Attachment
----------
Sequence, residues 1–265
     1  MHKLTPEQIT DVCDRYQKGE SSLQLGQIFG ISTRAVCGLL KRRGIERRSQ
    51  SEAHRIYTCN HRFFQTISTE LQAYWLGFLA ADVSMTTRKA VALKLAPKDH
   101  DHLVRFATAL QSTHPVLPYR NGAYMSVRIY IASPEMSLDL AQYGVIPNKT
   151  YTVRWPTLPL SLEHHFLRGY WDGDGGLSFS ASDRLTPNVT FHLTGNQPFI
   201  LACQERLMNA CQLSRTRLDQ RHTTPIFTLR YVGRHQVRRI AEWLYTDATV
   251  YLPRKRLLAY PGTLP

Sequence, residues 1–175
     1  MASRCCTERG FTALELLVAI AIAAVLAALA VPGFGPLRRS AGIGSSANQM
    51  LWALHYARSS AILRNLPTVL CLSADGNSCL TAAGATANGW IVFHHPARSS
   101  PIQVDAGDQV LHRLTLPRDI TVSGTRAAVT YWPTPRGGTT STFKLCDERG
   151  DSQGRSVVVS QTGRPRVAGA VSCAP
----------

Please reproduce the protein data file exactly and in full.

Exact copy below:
Sequence, residues 1–265
     1  MHKLTPEQIT DVCDRYQKGE SSLQLGQIFG ISTRAVCGLL KRRGIERRSQ
    51  SEAHRIYTCN HRFFQTISTE LQAYWLGFLA ADVSMTTRKA VALKLAPKDH
   101  DHLVRFATAL QSTHPVLPYR NGAYMSVRIY IASPEMSLDL AQYGVIPNKT
   151  YTVRWPTLPL SLEHHFLRGY WDGDGGLSFS ASDRLTPNVT FHLTGNQPFI
   201  LACQERLMNA CQLSRTRLDQ RHTTPIFTLR YVGRHQVRRI AEWLYTDATV
   251  YLPRKRLLAY PGTLP

Sequence, residues 1–175
     1  MASRCCTERG FTALELLVAI AIAAVLAALA VPGFGPLRRS AGIGSSANQM
    51  LWALHYARSS AILRNLPTVL CLSADGNSCL TAAGATANGW IVFHHPARSS
   101  PIQVDAGDQV LHRLTLPRDI TVSGTRAAVT YWPTPRGGTT STFKLCDERG
   151  DSQGRSVVVS QTGRPRVAGA VSCAP